On May 21, the United Kingdom formally requested that the European Union add the military wing of Hezbollah to its list of terrorist organizations. Details of Hezbollah’s criminal activities surfaced earlier in the year, and London has since been pushing for a change in EU policy toward it.
In February, the Bulgarian government announced that two of the individuals responsible for the July 2012 bombing at the Burgas Airport that killed five Israeli tourists and a Bulgarian bus driver “belonged to the military formation of Hezbollah.” That announcement came around the same time that Cyprus prosecuted a Lebanese-Swedish citizen who had confessed to being a Hezbollah operative surveilling movements by Israeli tourists for potential targets.
These two cases triggered heated exchanges within the EU but failed to bring about a policy change, which only the Netherlands and the United Kingdom supported at the time. A potential game change surfaced last week, however, with diplomatic statements from Germany and France, which had previously expressed caution and urged restraint.
The first indication of a shift came from Berlin, when a diplomatic source told Reuters on May 22 that “in the light of discussions we have had with our partners following the terrorist attack in Burgas, Foreign Minister Guido Westerwelle supports listing at least the military wing of Hezbollah as a terrorist organization in the EU.” Then, a day later, on the sidelines of a Friends of Syria meeting in Amman, French Foreign Minister Laurent Fabius confirmed that Paris too had changed its position and would support the British initiative.
Catherine Ashton, EU high representative for foreign affairs and security policy, has thus far remained silent on the matter, but German and French support for a new policy may be a turning point in the EU’s long battle over Hezbollah. In the next step, a special EU working group will convene on June 4 to discuss the British request in detail and its practical ramifications.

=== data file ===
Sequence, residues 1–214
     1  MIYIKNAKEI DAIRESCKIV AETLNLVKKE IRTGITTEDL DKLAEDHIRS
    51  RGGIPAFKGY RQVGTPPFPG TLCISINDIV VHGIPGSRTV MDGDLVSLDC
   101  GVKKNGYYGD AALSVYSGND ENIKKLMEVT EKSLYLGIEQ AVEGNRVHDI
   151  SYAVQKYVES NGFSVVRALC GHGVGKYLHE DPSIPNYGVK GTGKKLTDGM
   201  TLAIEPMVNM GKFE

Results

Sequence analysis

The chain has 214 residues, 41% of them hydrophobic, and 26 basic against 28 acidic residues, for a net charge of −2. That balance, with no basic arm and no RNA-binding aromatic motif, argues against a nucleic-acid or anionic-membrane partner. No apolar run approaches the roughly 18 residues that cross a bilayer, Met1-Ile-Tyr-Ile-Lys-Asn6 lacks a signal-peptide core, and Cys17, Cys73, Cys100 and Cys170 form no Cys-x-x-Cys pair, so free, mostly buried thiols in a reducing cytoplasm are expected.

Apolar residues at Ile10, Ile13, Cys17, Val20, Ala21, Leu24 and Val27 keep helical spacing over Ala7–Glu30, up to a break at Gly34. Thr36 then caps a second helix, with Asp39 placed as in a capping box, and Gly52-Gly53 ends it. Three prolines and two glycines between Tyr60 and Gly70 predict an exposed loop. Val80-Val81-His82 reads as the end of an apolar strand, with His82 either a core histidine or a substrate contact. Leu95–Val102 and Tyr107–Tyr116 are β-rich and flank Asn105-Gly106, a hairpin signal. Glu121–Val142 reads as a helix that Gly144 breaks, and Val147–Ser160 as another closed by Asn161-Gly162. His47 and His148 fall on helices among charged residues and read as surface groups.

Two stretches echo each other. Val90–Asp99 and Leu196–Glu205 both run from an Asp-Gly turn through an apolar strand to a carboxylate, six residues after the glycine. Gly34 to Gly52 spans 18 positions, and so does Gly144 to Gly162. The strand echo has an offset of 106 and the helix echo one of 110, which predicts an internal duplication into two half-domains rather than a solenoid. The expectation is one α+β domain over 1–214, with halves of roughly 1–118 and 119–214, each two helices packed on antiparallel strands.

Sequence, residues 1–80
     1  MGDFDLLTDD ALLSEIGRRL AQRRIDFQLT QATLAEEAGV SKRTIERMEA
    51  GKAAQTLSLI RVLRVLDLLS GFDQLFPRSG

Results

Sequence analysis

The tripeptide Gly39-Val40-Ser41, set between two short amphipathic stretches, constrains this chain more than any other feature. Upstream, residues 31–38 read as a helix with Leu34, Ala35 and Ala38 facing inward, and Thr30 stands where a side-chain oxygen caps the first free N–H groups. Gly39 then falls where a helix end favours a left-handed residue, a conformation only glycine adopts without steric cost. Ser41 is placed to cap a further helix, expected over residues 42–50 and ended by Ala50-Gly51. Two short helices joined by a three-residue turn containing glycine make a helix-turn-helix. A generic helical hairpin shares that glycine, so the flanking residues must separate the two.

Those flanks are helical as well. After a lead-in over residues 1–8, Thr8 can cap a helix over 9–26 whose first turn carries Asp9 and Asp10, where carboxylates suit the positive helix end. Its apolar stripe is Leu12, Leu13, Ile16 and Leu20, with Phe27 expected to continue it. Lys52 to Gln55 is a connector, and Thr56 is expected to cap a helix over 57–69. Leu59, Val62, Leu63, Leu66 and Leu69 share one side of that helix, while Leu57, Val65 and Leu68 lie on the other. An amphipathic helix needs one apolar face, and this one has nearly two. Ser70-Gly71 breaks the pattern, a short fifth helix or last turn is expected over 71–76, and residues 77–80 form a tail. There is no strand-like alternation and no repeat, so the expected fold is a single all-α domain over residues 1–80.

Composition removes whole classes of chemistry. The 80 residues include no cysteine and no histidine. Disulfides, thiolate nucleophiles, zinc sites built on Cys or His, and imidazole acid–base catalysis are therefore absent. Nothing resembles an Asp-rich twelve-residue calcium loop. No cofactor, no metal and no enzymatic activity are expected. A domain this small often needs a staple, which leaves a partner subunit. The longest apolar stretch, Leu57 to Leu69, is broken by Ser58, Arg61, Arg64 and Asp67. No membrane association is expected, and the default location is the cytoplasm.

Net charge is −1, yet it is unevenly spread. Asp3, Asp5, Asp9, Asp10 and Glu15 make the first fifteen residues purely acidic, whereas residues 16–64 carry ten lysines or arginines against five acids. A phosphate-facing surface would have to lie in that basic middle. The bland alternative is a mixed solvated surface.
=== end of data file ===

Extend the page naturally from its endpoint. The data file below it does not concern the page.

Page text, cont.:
Adding Hezbollah to the list of terrorist organizations requires unanimity among the 27 EU member states. If on June 4 a consensus seems attainable, the designation would then be discussed at the level of foreign ministers at a June 24 meeting. In other words, the EU could finalize a decision on adding Hezbollah to its list of terrorist organizations before July.
The EU shift is not simply a matter of adding Hezbollah’s name to a list. As of today, Hezbollah can legally raise money in Europe, and in some cases donations to it are tax deductible. Within the EU, Germany is considered to be the center of Hezbollah activity, with, according to German intelligence, some 950 members operating there. Moreover it can be argued that the EU’s refusal to classify Hezbollah as a terrorist organization has been a powerful tool for the party in its quest for international respectability going back to the mid-1990s. A policy shift would require that all European companies and governments cease financial interactions with the movement.
This new round of discussions within the EU raises two primary issues. The first is that the British request is targeting the “military wing” of Hezbollah. London, unlike the Netherlands and the United States, has always made a distinction between what it considers to be Hezbollah’s military activities on the one hand and its political and social activities on the other. The British experience with the Irish Republican Army and Sinn Fein in Northern Ireland may help explain this debatable distinction, but it is nonetheless fictional.